Friday, July 05, 2013


I wrote a blog entry months ago about a new Stadia plant in Gilbert, Arizona. When I asked the preacher to define his position on "baptism for the remission of sins" all I got was a refusal to precisely state the church's position. He preferred to waffle and avoid the question. This response to such questions is used more and more and I can only conclude it is an effort to keep the question hidden in a smoke screen so Evangelicals will not be "offended."

In response to my article I got typical responses. On the one hand I got the typical Evangelical response challenging my view. You know what I mean: "What happens if someone dies before they can be baptized?" "Titus 3:5 is not talking about water baptism?" I could go on and on. Drawing on Zwingli's teaching from the Reformation they prefer his views to those of the Bible. I prefer Jesus straight forward statement found in Mark 16:16, "He who believes and is baptized will be saved...." Before you write, I know that verse is not found in some older manuscripts. It is found in some manuscripts and I have as much right to accept it as Scripture as you do to reject it. Oh, and by the way, Jesus knew that those who did not believe would avoid baptism and be condemned. I also prefer Peter's answer given to those on Pentecost who were told to "repent and be baptized every one of you for (unto) the remission of sins and you shall receive the gift of the Holy Spirit" (Acts 2:38). Honest evangelicals recognize the impact of that verse. If you don't think so, you should listen to Francis Chan's message from Cornerstone Community Church.

On the other hand I got feedback regarding Stadia, a supposedly Restoration Movement church planting organization with headquarters in California. I hear lots of rumors about Stadia but outside of the church in Gilbert, AZ, I've not seen solid evidence. If anyone has such evidence I'd like to see it.

I do see evidence of many within the Restoration Movement softening their view on the importance of baptism. That's true not only within the Independent Christian Churches and Churches of Christ. It is one of the interesting and puzzling changes occurring within the non-instrumental Churches of Christ. Oak Hills Church (once Oak Hills Church of Christ) in San Antonio has, for example, not only added instruments in some services but now accepts those not baptized  into membership. To be honest, to be selected as a teacher or leader at Oak Hills one must be immersed. I predict that soon you will see the same thing in the Independent churches.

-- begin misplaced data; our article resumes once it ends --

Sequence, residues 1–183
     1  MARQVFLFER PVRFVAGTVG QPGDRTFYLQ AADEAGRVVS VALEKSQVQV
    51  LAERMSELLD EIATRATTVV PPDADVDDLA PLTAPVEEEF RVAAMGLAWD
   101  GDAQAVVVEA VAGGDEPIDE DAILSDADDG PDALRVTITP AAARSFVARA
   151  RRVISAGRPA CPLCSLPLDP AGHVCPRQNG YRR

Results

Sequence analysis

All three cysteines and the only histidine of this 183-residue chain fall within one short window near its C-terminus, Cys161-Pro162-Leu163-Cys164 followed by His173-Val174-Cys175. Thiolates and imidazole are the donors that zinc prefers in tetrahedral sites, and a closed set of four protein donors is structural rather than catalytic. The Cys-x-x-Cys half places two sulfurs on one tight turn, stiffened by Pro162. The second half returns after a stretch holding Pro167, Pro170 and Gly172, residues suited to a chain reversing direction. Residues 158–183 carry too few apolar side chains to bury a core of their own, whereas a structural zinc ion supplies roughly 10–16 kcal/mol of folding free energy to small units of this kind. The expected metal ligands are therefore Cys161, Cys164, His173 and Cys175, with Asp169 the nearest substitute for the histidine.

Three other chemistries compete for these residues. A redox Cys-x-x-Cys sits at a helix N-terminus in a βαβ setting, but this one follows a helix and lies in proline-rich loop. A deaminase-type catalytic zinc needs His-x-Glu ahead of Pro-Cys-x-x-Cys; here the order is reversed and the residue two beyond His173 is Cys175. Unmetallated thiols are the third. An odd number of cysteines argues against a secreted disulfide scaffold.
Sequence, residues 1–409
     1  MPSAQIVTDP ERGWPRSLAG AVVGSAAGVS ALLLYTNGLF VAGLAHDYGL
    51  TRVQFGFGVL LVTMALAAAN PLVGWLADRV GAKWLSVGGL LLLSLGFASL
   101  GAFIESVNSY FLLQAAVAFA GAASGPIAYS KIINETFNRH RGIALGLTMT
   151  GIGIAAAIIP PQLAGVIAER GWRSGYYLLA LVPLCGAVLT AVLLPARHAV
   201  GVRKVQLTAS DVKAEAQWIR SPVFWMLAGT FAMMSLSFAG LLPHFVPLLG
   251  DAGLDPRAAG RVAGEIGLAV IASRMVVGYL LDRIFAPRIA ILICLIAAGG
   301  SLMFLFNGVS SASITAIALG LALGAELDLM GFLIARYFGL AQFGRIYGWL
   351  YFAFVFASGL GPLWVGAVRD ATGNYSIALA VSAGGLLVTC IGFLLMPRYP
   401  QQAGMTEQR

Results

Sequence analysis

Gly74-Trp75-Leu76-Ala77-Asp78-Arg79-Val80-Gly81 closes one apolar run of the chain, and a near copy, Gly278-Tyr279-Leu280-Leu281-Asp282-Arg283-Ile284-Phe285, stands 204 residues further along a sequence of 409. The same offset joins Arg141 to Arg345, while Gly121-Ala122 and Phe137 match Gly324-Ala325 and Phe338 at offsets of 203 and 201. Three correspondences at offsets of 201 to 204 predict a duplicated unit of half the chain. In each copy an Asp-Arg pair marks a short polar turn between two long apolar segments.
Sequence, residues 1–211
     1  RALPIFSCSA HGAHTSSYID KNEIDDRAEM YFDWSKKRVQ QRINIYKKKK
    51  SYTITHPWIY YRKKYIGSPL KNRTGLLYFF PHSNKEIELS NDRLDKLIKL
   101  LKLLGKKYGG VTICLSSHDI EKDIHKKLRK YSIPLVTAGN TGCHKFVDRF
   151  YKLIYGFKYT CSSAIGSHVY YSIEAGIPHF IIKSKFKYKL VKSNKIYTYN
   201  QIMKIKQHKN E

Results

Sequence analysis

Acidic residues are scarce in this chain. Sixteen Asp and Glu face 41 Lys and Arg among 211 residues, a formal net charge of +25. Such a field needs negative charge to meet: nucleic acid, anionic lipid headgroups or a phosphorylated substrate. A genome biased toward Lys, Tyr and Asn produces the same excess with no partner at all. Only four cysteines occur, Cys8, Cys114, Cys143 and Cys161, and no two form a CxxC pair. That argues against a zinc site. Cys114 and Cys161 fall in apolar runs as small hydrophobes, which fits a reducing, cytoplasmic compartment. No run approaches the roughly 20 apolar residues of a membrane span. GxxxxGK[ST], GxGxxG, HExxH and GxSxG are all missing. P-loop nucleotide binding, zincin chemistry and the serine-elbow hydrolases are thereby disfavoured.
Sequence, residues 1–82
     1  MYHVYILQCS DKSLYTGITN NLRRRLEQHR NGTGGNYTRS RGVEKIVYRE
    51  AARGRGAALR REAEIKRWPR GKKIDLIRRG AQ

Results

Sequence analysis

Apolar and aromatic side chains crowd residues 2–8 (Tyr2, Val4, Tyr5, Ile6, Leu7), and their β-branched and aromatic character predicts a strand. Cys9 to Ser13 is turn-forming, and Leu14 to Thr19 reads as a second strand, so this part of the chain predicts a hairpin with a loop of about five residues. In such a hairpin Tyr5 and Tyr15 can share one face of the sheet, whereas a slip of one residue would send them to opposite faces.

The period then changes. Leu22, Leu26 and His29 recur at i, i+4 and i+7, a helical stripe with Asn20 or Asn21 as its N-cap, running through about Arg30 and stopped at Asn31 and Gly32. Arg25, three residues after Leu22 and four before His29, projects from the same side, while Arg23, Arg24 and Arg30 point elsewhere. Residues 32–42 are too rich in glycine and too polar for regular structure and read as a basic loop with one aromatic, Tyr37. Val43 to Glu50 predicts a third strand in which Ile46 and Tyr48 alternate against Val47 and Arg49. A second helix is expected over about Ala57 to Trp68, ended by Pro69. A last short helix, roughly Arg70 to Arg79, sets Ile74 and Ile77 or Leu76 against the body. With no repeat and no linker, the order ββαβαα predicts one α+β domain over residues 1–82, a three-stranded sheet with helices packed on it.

Something must be said here. A  student of the movement is aware that Alexander Campbell had quite a controversy with Dr. John Thomas over baptism. Thomas, an immigrant from England, impressed Campbell at first but he drifted off into a view similar to the Donatist heresy in the early church. Thomas taught that anyone baptized in one of the denominations need to be baptized again when they approached him for membership in one of the churches he influenced. Campbell's debates clearly demonstrate he believed sprinkling and pouring were not baptism at all. Therefore, immersing such individuals was appropriate. Furthermore, Campbell rightly argued there was no biblical warrant for baptizing infants or those unable to make an independent decision about Christ. Campbell's issue with Thomas was the insistence that even those immersed required another immersion. Campbell noted that those in the Restoration Movement never made such a requirement.

The sad thing that is happening today is not that immersion is not practiced. Rather, it is the fact that the biblical and theological truth about baptism is avoided altogether. It is now something one ought to do because "everyone gets baptized" or because "Jesus did it" or "it is a membership rite required to join a church." As one of my former students put it, "We don't argue about baptism because everyone knows you should be baptized." That's fine as far as it goes but it sure leaves much biblical teaching out and the product is a weak Christian. That approach denies two major biblical teachings. Jesus taught us to "teach them to observe all things I've commanded." Paul told Timothy to teach truth to "faithful men who will teach others."

It is time to teach the truth and not waffle.

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